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GOLD v. LOCAL UNION NO. 888

March 12, 1991

LEONARD GOLD, PLAINTIFF,
v.
LOCAL UNION NO. 888, U.F.C.W., A.F. L.-C.I.O., UNITED FOOD AND COMMERCIAL WORKERS INTERNATIONAL UNION, AFL-CIO AND CLC, AND JOHN HANCOCK, MUTUAL LIFE INSURANCE COMPANY, DEFENDANTS.



The opinion of the court was delivered by: Kimba M. Wood, District Judge.

Defendant, John Hancock Mutual Life Insurance Company ("the Company"), moves for summary judgment pursuant to Rule 56 of the Federal Rules of Civil Procedure on plaintiff's claim that the union breached its duty of fair representation.*fn1 The United Food and Commercial Workers International Union, and Local Union No. 888, UFCW-AFL-CIO (collectively "the union") move to dismiss the Company's cross-claim.

Facts

The facts underlying this motion are undisputed, except where noted. The Company discharged plaintiff, Leonard Gold, an employee for 29 years, because of accusations that Gold had stolen money from an elderly policyholder. The Company first learned of these allegations on March 4, 1986 when a Mr. Frankel, plaintiff's superior and a district manager for the Company, received a phone call from Christine Abate, asking if Frankel would meet with her to discuss a complaint she had about the way plaintiff Gold handled policies for a friend of hers, Mrs. Carolyn Bush. Several days later, Frankel met with Abate and Bush. At the meeting, Abate claimed that even though Bush's premiums amounted to only $39.64 per month, Gold came over to Bush's house each month and had her sign over her entire $70 pension check. According to Abate's allegations, Gold gave Bush neither change nor a receipt for the transaction. When questioned by Frankel, Bush confirmed these allegations.

Later that day, Frankel informed Gold of the allegations, but did not meet with him. Gold then went to speak with Bush. Abate was not present. While Gold was in her house, Bush called Frankel and told him that Gold was innocent of any wrongdoing, and that everything was fine between her and Gold. Gold returned to the office late that afternoon and told Frankel that he was innocent, and that the problem with Bush could be attributed to her senility. Gold also gave Frankel a note allegedly signed by Bush exonerating Gold.

The next day, Frankel spoke again with Bush's friend, Abate, who told Frankel that when plaintiff visited Bush on March 6, 1986, he told her that there had been a mistake with her account and gave her $360 in cash. Abate also maintained that Bush gave Gold the note exonerating him. only after he told her that unless she did so he would go to jail. One week later, the Company received at its Boston headquarters a letter signed by Bush (although not drafted by her) repeating Abate's allegations that Gold had taken Bush's entire pension check every month without giving her change or receipts and adding the allegations regarding Gold's visit and his payment to her of $360. Soon thereafter, the Company suspended Gold with pay, pending the outcome of an investigation.

After completing his investigation, Frankel wrote to Edward Ciavolino, a Company vice-president, summarizing the allegations against Gold and his findings. In this letter, Frankel stated that Gold had admitted to him that he had given Bush some money (Gold denies making this admission), but that Gold had declined to indicate how much money he gave to Bush. Ciavolino asked the Company's Department of Special Activities to conduct its own investigation into the allegations made by Abate and Bush. During the course of his investigation, the Company investigator spoke with Bush, Abate, Gold, and Frankel. His report credited Bush and Abate's allegations, even though the investigator noted that Gold consistently maintained his innocence. Following receipt of the investigator's report, the Company decided to terminate Gold's employment. Frankel informed Gold of the Company's decision, telling him it simply did not believe his claim of innocence.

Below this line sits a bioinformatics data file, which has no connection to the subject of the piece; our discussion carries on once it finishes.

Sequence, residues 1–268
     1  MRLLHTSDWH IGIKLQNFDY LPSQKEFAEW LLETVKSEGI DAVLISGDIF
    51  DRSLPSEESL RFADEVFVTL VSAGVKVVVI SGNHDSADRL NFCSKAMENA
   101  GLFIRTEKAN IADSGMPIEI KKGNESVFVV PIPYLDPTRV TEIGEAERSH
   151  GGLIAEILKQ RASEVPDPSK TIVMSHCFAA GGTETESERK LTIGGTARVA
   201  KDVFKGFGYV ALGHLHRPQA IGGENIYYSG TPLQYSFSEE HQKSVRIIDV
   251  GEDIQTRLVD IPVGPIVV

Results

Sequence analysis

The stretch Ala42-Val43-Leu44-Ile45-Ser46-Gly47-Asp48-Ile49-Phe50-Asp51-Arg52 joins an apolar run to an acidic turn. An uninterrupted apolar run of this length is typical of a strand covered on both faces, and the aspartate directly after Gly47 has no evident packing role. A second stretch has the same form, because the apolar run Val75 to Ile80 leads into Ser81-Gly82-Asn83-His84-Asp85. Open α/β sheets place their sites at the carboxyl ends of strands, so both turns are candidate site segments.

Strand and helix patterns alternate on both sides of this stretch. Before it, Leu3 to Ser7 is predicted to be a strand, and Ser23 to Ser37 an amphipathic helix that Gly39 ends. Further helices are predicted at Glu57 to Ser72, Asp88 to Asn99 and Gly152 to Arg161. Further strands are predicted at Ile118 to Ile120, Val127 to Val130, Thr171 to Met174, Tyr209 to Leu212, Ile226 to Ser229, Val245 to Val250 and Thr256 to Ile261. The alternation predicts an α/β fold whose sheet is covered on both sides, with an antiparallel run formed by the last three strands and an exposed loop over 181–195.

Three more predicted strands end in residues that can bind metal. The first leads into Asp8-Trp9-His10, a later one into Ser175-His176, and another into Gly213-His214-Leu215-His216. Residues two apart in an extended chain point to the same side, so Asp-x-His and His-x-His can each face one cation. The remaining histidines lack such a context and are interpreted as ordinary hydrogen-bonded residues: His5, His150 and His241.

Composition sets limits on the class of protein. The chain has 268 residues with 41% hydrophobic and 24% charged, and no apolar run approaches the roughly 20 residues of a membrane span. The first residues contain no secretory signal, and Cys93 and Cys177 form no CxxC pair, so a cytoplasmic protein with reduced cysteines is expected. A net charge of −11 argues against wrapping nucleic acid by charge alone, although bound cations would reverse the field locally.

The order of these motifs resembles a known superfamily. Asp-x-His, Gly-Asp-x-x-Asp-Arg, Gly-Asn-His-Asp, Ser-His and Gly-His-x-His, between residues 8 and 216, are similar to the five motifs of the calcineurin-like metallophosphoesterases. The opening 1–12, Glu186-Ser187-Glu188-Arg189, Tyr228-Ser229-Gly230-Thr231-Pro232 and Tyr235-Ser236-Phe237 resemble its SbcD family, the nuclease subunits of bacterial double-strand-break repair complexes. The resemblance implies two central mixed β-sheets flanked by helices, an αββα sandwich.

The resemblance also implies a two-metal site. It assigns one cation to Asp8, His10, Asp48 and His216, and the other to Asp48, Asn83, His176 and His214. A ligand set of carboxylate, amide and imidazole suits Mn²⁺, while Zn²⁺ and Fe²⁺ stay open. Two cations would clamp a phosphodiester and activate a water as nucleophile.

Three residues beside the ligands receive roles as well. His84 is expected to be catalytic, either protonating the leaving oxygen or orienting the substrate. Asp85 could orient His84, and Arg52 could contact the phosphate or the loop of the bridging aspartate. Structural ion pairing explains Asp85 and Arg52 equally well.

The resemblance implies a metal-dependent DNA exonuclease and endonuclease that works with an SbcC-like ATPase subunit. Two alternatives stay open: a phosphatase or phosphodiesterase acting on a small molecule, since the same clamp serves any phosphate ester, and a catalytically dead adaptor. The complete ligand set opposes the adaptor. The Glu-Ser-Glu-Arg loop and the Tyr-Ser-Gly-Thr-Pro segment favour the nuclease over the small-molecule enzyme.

On April 30, the union formally submitted a grievance on Gold's behalf. The Local Union represented Gold through the first three steps of the grievance process, at which it was unsuccessful in persuading the Company to reverse its earlier decision to terminate Gold's employment. At the fourth step meeting (the last before arbitration), Andre Henault of the International Union took over the task of representing Gold. In preparing for the fourth step meeting, Henault reviewed a report of the third step meeting prepared by a union official familiar with Gold's case, but did not speak with that official, nor did he speak with anyone else involved in the case. After the meeting, Company officials again denied Gold's grievance, and the union filed a notice of intent to submit Gold's grievance to arbitration.

Sometime after the first fourth step meeting, Henault learned of a settlement offer made by the Company. He asked that the Company convene another fourth step meeting to discuss Gold's case, and that this time the discussions include the settlement offer. The second fourth step meeting took place nearly ten months after the first. At that meeting, Company officials again refused to overturn the termination decision, and told union officials that any settlement offer that may have been extended had been withdrawn. Henault did not take part in the discussion of Gold's case at this meeting, however, because Henault arrived after the participants had already moved on to other matters on the agenda for that day.